Travertine Written by Joey Lewitin
Travertine is one of most beautiful, versatile, and historically important stones. Its durability makes it highly useful in building applications, and it has been used in this manner since Roman Empire.
Formation Travertine is a form of limestone that is heavily compacted. Generally it is formed when minerals in streams or hot spring water become deposited on river beds and dry out. If chemical composition has enough of mineral calcium carbonate in it, then result is considered to be travertine.
Coloration In its purest form travertine is a very pale color, however imperfections in its structural make up, such as presence of iron, can cause beautifully colorful banding to occur across its face. Different colors are caused by different minerals, and different shapes are formed in stone dependant on how impurity combines with its structure. Since imperfections show up semi-randomly, no two pieces ever look exactly alike. It is however grouped into quarry names where similar strains of marble taken from similar places are classified into categories.
Time travel: sci-fi?Written by Khalil A. Cassimally
When you look at clear night sky, you see stars-those tiny diamonds suspended in vast pitch-black emptiness. But stars shine because…? Our own sun, which is a star, emits light. Stars are like giant bulbs but are much more powerful.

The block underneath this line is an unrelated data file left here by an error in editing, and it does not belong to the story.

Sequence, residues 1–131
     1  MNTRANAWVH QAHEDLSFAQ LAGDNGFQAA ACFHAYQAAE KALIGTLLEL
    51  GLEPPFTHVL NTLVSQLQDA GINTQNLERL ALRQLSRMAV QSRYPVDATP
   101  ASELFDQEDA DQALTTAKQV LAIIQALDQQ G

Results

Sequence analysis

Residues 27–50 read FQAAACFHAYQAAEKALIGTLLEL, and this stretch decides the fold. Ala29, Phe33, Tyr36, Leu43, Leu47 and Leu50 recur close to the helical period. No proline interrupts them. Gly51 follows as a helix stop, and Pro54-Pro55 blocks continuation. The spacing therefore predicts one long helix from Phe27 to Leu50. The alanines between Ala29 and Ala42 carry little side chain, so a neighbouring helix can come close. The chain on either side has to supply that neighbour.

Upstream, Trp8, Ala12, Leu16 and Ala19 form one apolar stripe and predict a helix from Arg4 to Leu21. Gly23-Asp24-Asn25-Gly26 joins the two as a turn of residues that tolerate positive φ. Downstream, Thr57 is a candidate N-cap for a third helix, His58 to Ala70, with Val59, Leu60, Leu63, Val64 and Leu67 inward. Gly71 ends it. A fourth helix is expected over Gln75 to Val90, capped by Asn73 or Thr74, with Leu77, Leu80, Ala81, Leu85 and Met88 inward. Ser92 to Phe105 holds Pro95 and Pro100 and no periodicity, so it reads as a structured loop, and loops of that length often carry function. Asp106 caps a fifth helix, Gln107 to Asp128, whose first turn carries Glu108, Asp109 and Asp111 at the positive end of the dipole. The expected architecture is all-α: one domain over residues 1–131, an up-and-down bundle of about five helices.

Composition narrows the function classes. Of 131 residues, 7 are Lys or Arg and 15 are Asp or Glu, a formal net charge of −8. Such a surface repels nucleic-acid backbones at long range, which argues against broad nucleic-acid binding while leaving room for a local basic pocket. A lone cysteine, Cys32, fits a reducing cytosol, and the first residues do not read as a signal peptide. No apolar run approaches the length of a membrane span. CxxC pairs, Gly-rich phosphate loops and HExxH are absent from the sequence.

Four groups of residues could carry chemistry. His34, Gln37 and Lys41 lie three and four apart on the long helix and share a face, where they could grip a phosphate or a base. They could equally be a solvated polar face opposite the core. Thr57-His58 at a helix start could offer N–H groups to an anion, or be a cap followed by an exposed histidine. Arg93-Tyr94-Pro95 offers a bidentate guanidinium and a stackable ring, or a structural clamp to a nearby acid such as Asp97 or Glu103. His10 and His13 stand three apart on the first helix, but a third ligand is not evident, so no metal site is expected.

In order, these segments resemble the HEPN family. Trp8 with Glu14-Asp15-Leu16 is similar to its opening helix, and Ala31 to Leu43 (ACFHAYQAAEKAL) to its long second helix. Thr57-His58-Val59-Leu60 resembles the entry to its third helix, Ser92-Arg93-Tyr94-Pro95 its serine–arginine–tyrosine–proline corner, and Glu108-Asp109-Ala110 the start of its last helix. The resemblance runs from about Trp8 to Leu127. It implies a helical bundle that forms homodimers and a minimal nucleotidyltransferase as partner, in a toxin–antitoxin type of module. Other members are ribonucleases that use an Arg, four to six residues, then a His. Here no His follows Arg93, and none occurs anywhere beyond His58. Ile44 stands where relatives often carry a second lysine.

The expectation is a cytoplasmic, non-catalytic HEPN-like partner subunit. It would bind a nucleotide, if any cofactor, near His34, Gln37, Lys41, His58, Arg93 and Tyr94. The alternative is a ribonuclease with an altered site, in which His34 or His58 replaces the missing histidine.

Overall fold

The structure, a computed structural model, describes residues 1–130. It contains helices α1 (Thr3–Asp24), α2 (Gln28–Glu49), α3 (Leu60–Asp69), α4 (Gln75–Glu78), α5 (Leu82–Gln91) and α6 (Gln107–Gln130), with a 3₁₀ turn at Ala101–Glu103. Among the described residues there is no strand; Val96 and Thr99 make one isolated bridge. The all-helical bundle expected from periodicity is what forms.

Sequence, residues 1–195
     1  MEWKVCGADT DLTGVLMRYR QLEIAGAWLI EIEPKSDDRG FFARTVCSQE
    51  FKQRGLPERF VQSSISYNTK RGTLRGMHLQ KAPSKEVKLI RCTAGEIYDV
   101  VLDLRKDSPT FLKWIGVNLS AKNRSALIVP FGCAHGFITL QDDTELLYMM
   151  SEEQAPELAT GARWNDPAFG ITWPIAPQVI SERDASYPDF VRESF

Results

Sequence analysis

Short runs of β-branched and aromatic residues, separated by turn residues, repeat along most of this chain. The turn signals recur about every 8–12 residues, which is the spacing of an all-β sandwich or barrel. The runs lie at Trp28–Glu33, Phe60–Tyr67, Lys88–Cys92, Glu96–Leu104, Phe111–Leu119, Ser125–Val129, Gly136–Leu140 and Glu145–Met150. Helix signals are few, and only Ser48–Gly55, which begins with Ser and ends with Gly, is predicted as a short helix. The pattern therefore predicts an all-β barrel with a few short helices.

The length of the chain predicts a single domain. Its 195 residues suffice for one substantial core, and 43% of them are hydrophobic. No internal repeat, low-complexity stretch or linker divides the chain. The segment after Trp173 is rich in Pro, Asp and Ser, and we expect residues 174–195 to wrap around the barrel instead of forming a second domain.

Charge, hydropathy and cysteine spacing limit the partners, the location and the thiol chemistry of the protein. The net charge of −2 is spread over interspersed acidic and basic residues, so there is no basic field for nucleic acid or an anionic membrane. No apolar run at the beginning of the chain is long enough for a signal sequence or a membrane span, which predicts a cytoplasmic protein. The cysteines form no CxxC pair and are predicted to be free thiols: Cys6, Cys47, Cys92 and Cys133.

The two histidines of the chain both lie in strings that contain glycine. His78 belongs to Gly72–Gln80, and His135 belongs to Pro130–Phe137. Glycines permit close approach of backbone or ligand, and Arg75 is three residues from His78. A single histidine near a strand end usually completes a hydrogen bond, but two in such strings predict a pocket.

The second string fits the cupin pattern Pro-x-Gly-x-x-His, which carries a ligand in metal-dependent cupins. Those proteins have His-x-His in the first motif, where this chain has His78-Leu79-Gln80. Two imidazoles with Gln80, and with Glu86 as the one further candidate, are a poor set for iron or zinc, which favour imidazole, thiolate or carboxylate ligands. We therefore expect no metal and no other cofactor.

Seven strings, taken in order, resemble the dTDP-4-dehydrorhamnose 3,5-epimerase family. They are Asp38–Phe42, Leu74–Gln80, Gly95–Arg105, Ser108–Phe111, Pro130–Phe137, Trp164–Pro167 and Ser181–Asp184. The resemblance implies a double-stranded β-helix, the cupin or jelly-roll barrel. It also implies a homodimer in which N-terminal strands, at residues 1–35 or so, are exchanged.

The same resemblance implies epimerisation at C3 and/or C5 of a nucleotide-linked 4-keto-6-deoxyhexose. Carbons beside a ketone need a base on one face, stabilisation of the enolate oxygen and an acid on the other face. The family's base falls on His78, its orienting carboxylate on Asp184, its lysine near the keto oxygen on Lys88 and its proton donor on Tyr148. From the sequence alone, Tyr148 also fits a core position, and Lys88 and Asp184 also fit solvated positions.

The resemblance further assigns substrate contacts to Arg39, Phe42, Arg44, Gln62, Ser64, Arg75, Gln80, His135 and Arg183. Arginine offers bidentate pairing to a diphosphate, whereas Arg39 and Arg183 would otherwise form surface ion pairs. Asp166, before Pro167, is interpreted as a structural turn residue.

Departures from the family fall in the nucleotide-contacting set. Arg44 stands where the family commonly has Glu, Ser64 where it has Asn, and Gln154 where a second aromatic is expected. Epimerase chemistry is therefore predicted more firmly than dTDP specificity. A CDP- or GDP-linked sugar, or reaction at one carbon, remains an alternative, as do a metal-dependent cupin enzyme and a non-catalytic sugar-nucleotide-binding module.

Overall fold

Light travels at a speed of 3.0*108m/s in vacuum and space is mostly vacuum. In other words light can cover a mighty distance of 300 000 000m in only 1 second!
The thing is that 300 000 000m is a just one of those small amounts in space. Other stars are billions of kilometres-let alone metres-away. Astronomers in fact use light year as unit for distance. One light year is distance travelled by light (in vacuum) during one year. Therefore one light year equals (300 000 000*3600*24*365)m.
A single light year is definitely huge: 9.46 trillion kilometres-no need to put this in digit form-in fact. But where exactly do I want to converge? A star that you see in night sky is not one but many light years away. This means that it is very far away. But most importantly, it means that light from this particular star takes many years-and not mere seconds-to reach your eyes! So what?